We’re lucky that it’s just cool to work at an airport. The dynamics, the nationalities, the excitement; there is a great culture here that people want to be part of. It’s not only at the airport itself, the people in the office also feel it. It’s partly for this reason that we are mostly evening out the shortages this autumn.

I’m constantly working to instil Fifth’s DNA in every team member. I think this is important, because Fifth stands for something: craftsmanship and customer focus. Surprising customers with the best possible service. That is working out nicely, yet with a large, young and international team, it remains a difficult task. How do you manage it?

Something surprising happened during covid, when the office staff also had to put on yellow vests and assist in the arrivals hall to check for face masks, and other things. Over the past few months, office workers were also jumping in, for instance as hosts at the entrance. The long queues were getting people frustrated more quickly. We want to show that we are there, even when things get tough. Despite our efforts, some people did miss their flights. We all felt bad about that. After that, we decided as a team to keep it up at the airport. Mirjam and I, too. It’s very informative and forges a bond with the visitors. Contact with passengers allows you to learn what could be improved, and we can then adjust the processes accordingly. These kinds of initiatives reinforce the feeling that we are working together to give the region something to be proud of. That coming together, it’s important to me.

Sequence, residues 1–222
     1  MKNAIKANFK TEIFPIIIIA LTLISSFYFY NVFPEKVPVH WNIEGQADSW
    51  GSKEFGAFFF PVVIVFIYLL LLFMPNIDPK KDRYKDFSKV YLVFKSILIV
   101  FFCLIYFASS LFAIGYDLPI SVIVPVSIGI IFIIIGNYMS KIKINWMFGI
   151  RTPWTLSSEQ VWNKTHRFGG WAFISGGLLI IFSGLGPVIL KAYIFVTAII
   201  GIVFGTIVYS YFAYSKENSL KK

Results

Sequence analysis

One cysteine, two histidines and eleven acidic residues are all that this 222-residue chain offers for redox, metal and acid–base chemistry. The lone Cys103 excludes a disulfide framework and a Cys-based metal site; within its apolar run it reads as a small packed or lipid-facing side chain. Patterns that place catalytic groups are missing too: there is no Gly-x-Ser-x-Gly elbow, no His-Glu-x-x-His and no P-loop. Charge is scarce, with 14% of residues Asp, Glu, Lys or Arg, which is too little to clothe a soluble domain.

I heard in a podcast of 24 uur in bedrijf that your ambition is to achieve ‘profitability without quantitative growth’. What are you striving for with that and is doing it ‘together’ also essential here?